Sources confirm Gwinnett County Superior Court Judge Kathryn Schrader hired a private investigator last February to see if someone was hacking into her computer.

Hearings scheduled in Gwinnett courthouse hacking saga

A court hearing scheduled for next month may determine if a Gwinnett County judge will formally recuse herself from presiding over hundreds of cases being prosecuted by the local district attorney, who she has accused of trying to hack into her computer.

Superior Court Judge Kathryn Schrader — who is under GBI investigation after hiring a private investigation team that included a convicted child molester to look into her hacking concerns — has temporarily stepped aside from handling her criminal cases and asked colleagues to cover for her. But she has not taken the more formal, and more permanent, step of recusing herself from those cases.

District Attorney Danny Porter, who has vehemently denied trying to access Schrader’s computer, filed a request last month that the judge officially step aside from all criminal cases brought by his office, questioning her capacity to be impartial given recent developments.

A hearing on the matter is currently scheduled for May 9, Porter said Tuesday. 

Schrader’s colleagues on the Gwinnett County Superior Court bench opted out of handling the hearing, so veteran Fulton County Superior Court Judge John Goger was assigned to  the case. It was unclear if a ruling would be issued during the hearing.

The push for Schrader’s recusal is being made amid a separate GBI investigation into actions the judge allegedly took to look into her concerns that someone — possibly Porter — was attempting to hack into her work computer. 

In her quest for answers, Schrader reportedly hired private investigator TJ Ward and allowed an employee of his to attach a monitoring device to her computer. Ward then tasked Ed Kramer, who has worked as a computer forensic analyst, with tracking activity on Schrader’s computer. 

Kramer, the long-exiled co-founder of popular Atlanta sci-fi convention DragonCon, is also a convicted child molester and longtime nemesis of Porter.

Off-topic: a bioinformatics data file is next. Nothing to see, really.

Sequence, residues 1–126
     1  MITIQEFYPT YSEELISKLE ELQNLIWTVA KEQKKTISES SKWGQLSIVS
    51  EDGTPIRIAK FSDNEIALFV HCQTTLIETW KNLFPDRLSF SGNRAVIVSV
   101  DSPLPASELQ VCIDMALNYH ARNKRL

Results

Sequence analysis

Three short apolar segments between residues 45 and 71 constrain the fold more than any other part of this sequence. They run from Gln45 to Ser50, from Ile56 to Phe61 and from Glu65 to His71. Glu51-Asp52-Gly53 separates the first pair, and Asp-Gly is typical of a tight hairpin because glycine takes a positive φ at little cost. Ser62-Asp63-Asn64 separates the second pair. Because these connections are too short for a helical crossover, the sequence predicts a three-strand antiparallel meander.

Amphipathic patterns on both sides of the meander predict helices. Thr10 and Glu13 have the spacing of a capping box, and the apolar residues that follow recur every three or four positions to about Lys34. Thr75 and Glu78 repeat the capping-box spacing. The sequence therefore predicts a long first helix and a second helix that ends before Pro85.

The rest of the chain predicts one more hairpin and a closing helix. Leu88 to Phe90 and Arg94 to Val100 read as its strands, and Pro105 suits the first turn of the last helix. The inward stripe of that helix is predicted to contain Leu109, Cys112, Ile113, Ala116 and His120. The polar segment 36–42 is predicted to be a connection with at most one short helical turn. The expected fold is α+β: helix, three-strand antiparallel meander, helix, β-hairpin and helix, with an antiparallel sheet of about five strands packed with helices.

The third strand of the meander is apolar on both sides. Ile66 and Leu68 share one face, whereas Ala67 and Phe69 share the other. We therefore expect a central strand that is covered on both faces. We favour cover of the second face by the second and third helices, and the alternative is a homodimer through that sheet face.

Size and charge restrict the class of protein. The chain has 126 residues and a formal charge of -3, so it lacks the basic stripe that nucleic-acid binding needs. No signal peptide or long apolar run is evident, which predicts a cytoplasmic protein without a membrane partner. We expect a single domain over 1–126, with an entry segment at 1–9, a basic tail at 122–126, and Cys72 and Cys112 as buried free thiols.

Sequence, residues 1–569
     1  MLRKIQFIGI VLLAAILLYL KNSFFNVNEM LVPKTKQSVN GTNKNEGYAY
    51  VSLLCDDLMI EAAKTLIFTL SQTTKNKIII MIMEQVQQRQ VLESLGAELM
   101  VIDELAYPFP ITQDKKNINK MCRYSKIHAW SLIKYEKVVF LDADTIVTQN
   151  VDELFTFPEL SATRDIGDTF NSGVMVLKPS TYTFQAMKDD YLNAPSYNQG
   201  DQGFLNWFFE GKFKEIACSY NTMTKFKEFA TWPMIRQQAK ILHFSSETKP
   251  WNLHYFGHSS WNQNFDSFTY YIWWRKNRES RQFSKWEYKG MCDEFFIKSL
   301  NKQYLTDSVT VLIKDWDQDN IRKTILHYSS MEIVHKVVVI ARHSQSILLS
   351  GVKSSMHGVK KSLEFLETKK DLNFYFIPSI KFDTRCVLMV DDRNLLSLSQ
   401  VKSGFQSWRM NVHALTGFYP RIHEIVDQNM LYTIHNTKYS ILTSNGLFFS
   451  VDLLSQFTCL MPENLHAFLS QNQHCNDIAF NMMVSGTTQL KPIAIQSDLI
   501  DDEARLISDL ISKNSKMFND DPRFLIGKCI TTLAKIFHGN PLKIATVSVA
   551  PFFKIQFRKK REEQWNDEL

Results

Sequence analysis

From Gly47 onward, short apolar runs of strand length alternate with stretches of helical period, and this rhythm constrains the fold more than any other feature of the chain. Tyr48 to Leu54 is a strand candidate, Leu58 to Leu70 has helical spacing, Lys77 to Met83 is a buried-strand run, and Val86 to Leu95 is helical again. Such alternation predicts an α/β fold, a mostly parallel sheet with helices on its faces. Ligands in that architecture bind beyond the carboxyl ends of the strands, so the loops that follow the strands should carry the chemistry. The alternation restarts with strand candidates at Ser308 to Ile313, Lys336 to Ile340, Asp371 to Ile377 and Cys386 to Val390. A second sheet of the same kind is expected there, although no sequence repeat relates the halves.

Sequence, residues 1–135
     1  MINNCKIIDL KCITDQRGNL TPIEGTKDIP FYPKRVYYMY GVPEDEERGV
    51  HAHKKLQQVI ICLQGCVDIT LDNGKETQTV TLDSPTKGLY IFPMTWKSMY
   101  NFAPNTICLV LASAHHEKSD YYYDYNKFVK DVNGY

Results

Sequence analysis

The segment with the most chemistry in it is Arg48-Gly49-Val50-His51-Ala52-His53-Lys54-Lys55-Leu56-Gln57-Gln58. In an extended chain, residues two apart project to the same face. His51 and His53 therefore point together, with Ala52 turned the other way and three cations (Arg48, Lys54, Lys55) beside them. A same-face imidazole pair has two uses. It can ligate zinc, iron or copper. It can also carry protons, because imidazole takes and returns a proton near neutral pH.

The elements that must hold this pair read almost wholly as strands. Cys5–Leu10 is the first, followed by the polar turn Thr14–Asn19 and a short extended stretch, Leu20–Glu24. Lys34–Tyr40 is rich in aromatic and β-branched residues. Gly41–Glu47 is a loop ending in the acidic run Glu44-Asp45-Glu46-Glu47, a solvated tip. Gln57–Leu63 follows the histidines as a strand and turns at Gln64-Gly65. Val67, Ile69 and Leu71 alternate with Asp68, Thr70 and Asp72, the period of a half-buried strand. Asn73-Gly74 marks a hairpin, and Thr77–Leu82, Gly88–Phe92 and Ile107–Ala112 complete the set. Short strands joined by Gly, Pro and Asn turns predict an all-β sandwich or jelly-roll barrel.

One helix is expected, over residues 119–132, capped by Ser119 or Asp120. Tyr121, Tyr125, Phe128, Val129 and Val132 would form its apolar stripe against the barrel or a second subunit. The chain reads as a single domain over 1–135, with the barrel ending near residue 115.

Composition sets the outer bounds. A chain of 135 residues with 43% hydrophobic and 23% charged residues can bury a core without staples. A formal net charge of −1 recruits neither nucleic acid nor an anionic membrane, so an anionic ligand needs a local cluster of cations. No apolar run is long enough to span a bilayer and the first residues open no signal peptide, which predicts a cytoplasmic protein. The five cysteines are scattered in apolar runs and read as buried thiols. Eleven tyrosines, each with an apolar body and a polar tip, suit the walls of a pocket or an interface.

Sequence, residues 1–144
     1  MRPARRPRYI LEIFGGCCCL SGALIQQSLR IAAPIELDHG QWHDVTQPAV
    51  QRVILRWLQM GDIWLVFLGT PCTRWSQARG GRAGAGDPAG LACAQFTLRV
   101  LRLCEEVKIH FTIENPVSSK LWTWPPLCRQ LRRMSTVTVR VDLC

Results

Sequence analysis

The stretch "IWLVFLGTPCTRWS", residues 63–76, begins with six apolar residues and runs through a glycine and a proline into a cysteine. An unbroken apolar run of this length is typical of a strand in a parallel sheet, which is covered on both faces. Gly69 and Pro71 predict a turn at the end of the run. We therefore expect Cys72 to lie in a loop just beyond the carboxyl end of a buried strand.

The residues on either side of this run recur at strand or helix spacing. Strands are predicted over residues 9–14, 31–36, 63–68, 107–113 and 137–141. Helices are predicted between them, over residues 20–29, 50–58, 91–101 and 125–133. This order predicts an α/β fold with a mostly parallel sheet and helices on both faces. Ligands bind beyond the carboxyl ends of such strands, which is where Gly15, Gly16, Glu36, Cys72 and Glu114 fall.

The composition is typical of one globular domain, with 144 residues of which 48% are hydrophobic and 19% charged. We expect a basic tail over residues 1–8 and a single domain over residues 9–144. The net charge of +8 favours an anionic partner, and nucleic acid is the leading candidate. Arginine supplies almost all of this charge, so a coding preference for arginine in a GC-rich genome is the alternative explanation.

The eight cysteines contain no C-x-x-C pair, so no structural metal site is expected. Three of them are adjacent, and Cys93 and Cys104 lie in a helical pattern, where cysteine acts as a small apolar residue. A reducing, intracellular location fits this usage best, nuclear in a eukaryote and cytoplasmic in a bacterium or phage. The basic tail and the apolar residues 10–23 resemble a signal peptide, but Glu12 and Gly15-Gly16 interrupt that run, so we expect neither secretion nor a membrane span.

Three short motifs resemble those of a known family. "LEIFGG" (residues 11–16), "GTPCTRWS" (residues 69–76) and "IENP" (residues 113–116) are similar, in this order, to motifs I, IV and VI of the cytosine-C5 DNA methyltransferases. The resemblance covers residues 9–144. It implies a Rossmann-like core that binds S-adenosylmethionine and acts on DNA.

Porter is concerned that Kramer and the rest of Ward’s team could have been given illegal access to the county’s larger network. The GBI is investigating if a crime was committed. 

According to Porter, it was Kramer’s recent arrest that led him and other investigators to discover Schrader’s alleged actions in the first place. 

Kramer was arrested Feb. 26 after allegedly taking a photo of a 7-year-old boy at a local doctor’s office several days earlier. In addition to new charges, he was accused of violating the probation still in place following his 2013 conviction on multiple counts of child molestation. 

A post-arrest search of Kramer’s home computers found a file labeled with Schrader’s name, Porter said.

“The idea that he would be allowed anywhere near the computer network of the courts, it’s just appalling,” Porter said recently.

The district attorney is now a potential witness in the GBI case and is no longer part of the investigation team.

Kramer, meanwhile, has requested the Porter’s office be removed from handling future proceedings in his original criminal case. A hearing on that matter was scheduled for Friday afternoon. 

Kramer was originally charged with molesting three young boys in 2000. Thanks to legal maneuvering and health issues, the case dragged on for more than a decade. 

In Dec. 2013, Kramer entered a negotiated plea and was sentenced to nearly three years on house arrest and 15 more on probation. But because Kramer was sentenced under Georgia’s First Time Offender Act, his new legal trouble could dramatically alter his punishment. 

A judge could re-sentence Kramer on his original charges — and would not have to adhere to the original negotiated plea. That means a new sentence could, in theory, include as many as 60 years in prison.

If a judge agrees that Porter should be removed from the Kramer case, a new prosecutor from outside Gwinnett would be appointed.

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